Most patients with an aortic valve stenosis will be treated with a TAVR, a procedure that began to be used in 2011. During the minimally invasive procedure, an interventional cardiologist inserts a thin tube into a blood vessel in the groin or chest, guides it to the heart, and then uses miniature tools that fit inside the tube to put in a new valve. The procedure takes significantly less time than open heart surgery, and recovery is much faster.

The study found that the patients who needed an emergency TAVR went into the procedure with more heart-related health problems. “The patients who needed emergency surgery were similar to the other group in terms of their rates of diabetes and chronic kidney, lung, and liver disease,” said first author Justin J. Slade, MD, a delivery science fellow at the Kaiser Permanente Division of Research and a cardiology fellow at the Kaiser Permanente San Francisco Medical Center. “But they had higher rates of heart-related health problems, like heart failure and coronary artery disease or to previously have had a balloon valvuloplasty, to open a narrowed valve. And because of this, they were more likely to be in the position where they were hospitalized and in need of an emergency procedure.”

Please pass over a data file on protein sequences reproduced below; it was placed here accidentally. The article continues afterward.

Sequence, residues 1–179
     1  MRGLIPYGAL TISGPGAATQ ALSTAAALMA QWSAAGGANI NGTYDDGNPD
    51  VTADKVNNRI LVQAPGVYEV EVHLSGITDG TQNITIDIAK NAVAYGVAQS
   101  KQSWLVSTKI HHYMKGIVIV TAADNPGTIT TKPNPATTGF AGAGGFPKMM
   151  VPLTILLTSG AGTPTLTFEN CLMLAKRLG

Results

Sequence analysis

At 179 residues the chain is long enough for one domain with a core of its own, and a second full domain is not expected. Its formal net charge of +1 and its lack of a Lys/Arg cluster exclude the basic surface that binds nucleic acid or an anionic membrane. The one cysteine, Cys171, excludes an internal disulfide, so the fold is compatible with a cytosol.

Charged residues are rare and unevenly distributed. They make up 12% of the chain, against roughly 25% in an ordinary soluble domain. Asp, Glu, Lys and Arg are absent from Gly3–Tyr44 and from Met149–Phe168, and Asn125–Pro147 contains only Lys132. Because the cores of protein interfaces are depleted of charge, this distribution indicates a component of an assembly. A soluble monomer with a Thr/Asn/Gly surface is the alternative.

I’ll definitely use the findings from this study to explain the risks and benefits from the procedure differently to patients who I’m seeing in the clinic compared to those I’m seeing in the hospital.
— Andrew Ambrosy, MD

The research underscores how important routine surveillance is for patients with aortic disease. “Patients with moderate aortic disease who do not need a valve replacement may think they are doing OK and not come in for an echocardiogram that would allow us to plan for the TAVR,” said Mishell. “Instead, these patients learn that they need a TAVR after they are already admitted to the hospital.”

Andrew Ambrosy, MD

The findings will also help cardiologists manage patients’ expectations on how their health will change after the procedure. “I’ll definitely use the findings from this study to explain the risks and benefits from the procedure differently to patients who I’m seeing in the clinic compared to those I’m seeing in the hospital,” said co-author Andrew Ambrosy, MD, a research scientist at the Division of Research and a TPMG cardiologist. “If they need a TAVR, it’s still medically the right thing to do. But we have to acknowledge that there are some greater risks for those already hospitalized.”